Of the Keizertimes

Incoming members of the Keizer City Council were ready to talk about goals.

It appeared they weren’t going to get the chance, since a majority of current councilors weren’t present.

A work session was planned for Monday, allowing current and incoming councilors alike the chance to review the 2013 to 2015 city council goals, while also looking ahead to ideas for 2015 to 2017 council goals.

The problem was only three current councilors – Joe Egli, Cathy Clark and Kim Freeman – were present, one short of a quorum.

After waiting 20 minutes, Egli announced the meeting was canceled due to the lack of a quorum. Moments later councilor Dennis Koho strolled in, so the meeting was on.

Much of the meeting consisted of Keizer City Manager Chris Eppley going over both short-term and long-term goals approved by councilors in March 2013, with a summary of the progress made on each of the goals.

For example, the first goal was unfreezing one to four police officer positions. Eppley noted recruitment is going on for a new officer as well as a forensic computer position.

“The previous chief would have said we need 15 or more (new) cops,” Eppley said of former chief Marc Adams. “The current chief (John Teague) feels two more are necessary. We may need to re-discuss about that before adding more police officers.”

Eppley said developing a sustainable code enforcement strategy is complete, with interviews to fill the position taking place this week. Developing a sustainable community center management strategy is mostly complete, though the funding structure still needs to be reevaluated.

While a Keizer Rapids Park master plan update has been completed, Eppley noted a proposed update for Keizer Little League Park isn’t.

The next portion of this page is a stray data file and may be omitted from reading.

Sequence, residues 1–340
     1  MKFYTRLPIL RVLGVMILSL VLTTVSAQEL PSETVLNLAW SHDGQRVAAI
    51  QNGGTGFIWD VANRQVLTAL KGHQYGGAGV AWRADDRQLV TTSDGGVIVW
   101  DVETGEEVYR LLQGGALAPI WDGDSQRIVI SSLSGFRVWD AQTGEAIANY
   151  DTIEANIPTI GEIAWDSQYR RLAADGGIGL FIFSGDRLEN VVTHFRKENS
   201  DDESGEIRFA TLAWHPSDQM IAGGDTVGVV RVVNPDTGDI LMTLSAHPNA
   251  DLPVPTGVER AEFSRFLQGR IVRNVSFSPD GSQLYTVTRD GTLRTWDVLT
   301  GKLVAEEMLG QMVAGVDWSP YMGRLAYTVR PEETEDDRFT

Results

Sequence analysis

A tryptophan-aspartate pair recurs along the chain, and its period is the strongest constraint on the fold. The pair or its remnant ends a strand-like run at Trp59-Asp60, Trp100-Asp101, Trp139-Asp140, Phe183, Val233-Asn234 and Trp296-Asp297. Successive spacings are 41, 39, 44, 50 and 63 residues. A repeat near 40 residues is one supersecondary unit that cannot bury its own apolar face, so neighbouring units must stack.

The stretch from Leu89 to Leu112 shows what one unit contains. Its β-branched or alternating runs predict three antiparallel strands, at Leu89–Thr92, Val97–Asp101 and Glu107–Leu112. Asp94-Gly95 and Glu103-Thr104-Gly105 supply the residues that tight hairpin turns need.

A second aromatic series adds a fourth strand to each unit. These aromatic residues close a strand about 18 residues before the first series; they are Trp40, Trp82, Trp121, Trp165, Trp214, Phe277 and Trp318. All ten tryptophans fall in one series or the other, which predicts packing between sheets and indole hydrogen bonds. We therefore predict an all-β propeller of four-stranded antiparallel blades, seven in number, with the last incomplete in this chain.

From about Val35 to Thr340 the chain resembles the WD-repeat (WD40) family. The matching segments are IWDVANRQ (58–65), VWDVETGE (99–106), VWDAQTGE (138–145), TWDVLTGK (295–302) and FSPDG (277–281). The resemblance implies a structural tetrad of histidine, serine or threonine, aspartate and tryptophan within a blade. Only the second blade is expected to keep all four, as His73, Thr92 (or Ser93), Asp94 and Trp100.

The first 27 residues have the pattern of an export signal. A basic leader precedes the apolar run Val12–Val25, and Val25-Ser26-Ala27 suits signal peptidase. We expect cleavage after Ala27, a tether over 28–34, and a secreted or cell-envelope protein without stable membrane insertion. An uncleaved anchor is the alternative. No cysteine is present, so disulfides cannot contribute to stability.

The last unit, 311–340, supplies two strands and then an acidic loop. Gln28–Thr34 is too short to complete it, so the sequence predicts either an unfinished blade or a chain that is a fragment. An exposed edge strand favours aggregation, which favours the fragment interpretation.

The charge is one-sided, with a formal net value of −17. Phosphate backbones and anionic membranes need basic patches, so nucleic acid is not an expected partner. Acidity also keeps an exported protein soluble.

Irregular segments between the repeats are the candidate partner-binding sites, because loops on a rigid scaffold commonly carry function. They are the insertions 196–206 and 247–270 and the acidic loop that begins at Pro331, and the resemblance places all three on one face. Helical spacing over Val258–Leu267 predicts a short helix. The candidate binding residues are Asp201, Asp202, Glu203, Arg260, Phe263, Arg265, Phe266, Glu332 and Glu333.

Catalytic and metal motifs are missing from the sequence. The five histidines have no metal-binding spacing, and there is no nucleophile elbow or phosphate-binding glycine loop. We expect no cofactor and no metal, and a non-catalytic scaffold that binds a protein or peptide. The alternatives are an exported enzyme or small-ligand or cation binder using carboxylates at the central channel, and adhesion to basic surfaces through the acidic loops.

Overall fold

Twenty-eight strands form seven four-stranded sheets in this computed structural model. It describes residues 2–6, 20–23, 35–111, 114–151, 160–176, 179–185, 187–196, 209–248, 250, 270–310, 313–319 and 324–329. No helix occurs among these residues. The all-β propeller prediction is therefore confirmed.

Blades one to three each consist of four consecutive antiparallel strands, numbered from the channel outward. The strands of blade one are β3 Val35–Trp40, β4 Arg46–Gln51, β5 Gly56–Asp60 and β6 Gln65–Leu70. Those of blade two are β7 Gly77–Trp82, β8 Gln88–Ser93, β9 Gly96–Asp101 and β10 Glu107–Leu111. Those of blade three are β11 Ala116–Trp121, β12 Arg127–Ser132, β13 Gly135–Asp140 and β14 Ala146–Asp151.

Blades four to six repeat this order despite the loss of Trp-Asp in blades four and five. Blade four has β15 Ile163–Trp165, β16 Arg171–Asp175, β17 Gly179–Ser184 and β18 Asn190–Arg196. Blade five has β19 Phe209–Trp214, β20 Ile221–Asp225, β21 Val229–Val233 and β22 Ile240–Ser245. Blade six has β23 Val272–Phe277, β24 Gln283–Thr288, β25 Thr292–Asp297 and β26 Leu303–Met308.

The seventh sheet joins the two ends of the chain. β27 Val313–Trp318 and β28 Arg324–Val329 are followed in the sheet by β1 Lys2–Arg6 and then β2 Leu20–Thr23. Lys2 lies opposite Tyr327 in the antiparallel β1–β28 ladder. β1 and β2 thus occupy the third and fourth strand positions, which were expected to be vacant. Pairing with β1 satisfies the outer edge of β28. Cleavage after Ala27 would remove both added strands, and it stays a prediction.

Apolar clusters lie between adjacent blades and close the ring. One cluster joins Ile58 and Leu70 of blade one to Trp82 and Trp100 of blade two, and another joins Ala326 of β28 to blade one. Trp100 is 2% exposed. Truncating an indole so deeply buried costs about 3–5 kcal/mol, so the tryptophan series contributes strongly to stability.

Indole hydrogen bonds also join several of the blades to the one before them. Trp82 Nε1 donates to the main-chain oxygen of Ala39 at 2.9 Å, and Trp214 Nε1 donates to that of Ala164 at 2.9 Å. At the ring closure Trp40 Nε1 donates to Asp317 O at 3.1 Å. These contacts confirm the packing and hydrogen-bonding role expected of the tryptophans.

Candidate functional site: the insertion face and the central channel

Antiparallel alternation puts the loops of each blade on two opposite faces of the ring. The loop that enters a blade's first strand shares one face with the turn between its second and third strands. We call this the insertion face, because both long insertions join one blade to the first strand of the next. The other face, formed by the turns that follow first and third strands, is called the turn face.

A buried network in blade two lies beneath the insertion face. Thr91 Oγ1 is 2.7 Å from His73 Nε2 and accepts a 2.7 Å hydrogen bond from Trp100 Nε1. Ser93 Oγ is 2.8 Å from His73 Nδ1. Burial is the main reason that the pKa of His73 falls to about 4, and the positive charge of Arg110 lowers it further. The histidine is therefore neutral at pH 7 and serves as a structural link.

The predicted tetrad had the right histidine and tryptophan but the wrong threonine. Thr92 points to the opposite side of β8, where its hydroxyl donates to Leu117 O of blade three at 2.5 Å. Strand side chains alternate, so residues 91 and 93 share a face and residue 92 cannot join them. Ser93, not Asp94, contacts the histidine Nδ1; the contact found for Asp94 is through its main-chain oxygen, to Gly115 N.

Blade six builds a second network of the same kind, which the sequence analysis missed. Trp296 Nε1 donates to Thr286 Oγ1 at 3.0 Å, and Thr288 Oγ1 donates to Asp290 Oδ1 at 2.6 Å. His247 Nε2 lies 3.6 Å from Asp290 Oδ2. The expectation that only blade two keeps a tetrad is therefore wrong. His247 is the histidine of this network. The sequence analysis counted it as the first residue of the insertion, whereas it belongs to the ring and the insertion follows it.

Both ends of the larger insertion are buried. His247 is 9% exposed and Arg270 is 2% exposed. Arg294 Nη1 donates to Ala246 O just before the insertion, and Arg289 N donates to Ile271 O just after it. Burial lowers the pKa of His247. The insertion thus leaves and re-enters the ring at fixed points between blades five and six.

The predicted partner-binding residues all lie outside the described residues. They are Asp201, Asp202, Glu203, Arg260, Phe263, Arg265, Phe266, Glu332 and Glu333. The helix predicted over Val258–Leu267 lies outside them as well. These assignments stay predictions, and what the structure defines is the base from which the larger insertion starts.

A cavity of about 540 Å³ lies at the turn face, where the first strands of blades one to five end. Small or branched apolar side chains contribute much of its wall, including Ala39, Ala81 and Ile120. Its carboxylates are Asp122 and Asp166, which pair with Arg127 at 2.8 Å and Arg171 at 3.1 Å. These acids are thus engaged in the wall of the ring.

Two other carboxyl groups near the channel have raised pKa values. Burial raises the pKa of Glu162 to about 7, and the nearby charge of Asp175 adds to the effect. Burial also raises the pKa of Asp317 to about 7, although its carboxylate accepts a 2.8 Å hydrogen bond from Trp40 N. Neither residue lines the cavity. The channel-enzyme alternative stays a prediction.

“That update is not necessary anymore,” Eppley said. “One reason to do it was to assess future improvements to see what would be available for SDC (system development charges) funding. It’s already been developed, so it’s not going to be eligible for SDCs. I would suggest that one is complete.”

Eppley noted merger talks between Keizer Little League (KLL) and Keizer Youth Sports Association (KYSA) have stalled, though the two could merge softball programs in the spring.

“Ideally you would have a third-party group not associated with baseball run that park,” Eppley said. “It would be an independent third party, whose sole interest is the facility alone and when it’s used. There has been talk of KLL and KYSA having a third party, maybe having people like Clint Holland, people who don’t have a dog in the fight.”

Eppley said the short-term goal of Urban Growth Boundary expansion isn’t a short-term goal anymore.

“That’s probably the biggest issue facing council over the next 20 years,” he said.

According to Eppley, regular meetings with Marion County Fire District and Keizer Fire District have been implemented, though there have been quite a few cancellations.

“We can encourage them to meet,” Mayor-elect Clark said. “We can address how often. Keeping it strong is important for our cooperation.”

A business advisory committee – known as the Keizer Economic Development Commission – has been created, while the city website overhaul is underway.

“To be completed when?” Freeman asked.

“Gosh, I hope soon,” Eppley said.

Nate Brown, director of Community Development, noted the company with the contract had a hitch and is thus behind schedule.

“They had turnover in staff,” Brown said.

Freeman wanted to know when issues would be resolved.

“Can we get a projection update?” she asked. “It would be nice to know about when.”